But the ensuing two years have seen a much more sustained fall in the number of closures as the general improvement in the economy has gathered pace.

It is not an exhaustive list – publishers do not always tell us when they are closing newspapers, and we are then reliant on our industry sources to find out – but we try very hard to bring you comprehensive coverage of what’s going on in this great industry of ours, and I would be surprised if there were more than a handful that we missed.

And in any case, the really important thing about this list is not the 102 titles that are on it – but the 1,198 that aren’t.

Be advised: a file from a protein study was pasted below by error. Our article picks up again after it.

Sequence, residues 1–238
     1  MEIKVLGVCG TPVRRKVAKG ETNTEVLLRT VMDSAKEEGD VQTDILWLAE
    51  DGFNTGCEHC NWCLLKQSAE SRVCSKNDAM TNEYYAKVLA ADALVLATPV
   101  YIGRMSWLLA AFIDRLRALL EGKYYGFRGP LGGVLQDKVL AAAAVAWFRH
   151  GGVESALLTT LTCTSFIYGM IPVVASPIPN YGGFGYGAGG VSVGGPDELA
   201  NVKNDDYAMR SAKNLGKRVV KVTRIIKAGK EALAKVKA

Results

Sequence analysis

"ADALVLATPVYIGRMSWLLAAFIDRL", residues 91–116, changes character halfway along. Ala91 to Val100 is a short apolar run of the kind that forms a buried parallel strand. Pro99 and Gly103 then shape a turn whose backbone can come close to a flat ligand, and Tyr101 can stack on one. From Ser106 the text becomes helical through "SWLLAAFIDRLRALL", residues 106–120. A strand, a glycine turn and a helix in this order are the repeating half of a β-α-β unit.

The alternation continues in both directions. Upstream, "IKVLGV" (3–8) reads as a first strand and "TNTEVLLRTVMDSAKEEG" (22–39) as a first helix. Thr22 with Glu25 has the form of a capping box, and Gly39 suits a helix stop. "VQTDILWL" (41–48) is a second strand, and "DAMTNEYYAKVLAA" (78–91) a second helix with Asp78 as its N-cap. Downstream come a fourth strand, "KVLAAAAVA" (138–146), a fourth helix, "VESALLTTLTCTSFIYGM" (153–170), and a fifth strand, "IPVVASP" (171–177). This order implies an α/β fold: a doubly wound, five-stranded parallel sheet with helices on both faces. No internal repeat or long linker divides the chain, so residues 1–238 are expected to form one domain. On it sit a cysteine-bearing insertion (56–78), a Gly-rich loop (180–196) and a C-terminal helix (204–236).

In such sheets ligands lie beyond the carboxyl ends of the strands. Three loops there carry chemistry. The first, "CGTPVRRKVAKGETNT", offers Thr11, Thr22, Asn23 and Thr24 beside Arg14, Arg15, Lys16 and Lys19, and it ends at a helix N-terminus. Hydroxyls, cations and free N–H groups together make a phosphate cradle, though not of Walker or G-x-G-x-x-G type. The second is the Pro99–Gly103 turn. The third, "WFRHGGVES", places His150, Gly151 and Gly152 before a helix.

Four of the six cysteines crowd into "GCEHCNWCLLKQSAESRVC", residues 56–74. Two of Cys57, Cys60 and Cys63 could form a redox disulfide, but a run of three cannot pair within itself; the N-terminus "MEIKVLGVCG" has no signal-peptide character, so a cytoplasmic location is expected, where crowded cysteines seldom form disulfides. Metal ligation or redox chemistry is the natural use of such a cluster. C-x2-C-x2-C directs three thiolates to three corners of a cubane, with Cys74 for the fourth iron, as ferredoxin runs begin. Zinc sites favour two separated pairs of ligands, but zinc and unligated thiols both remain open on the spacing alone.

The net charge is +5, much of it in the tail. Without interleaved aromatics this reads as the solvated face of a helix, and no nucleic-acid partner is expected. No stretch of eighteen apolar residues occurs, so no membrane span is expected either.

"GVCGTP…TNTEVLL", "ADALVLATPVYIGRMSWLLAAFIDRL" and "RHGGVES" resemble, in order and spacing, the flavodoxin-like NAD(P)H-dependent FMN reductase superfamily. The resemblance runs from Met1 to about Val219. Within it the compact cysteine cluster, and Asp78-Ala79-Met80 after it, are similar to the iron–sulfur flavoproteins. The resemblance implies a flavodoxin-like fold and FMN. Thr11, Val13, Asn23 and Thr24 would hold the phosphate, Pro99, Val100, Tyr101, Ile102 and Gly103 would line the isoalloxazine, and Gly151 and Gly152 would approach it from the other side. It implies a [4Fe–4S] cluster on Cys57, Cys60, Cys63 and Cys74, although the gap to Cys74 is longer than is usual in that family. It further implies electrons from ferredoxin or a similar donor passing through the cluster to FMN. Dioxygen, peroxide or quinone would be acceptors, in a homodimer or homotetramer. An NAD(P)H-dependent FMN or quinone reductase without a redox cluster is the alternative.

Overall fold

2014 (7)

Hereford Journal
Elmbridge Guardian
Hammersmith and Fulham Chronicle
Westminster Chronicle
Kensington and Chelsea Chronicle
Carrickfergus Advertiser
Ballyclare Gazette

2013 (4)

Liverpool Post
Bedford Midweek
Oxford Star
Lambeth Post

2012 (12)

Cambridge First
Kidderminster Chronicle
Portsmouth Journal
Mansfield and Ashfield Observer
Worksop Trader
Doncaster Advertiser
Chesterfield Advertiser (since relaunched as a magazine)
Streatham Guardian (continued online)
Enfield Gazette (continued online)
Thanet Times
Prestwich Advertiser
Donegal Democrat

2011 (18)

Wear Valley Mercury
Yeovil Express
Yeovil Times
East Kent Gazette
Medway News
Bridgwater and Burnham Times
Darlington and South Durham Herald and Post
Your Leek Paper
Cannock Chase Post
Stafford Post
Sutton Coldfield News
Nottingham Recorder
Harlow Scene
East Herts Scene
Bucks Free Press Midweek
Woking News and Mail (since reopened under new ownership)
Woking Review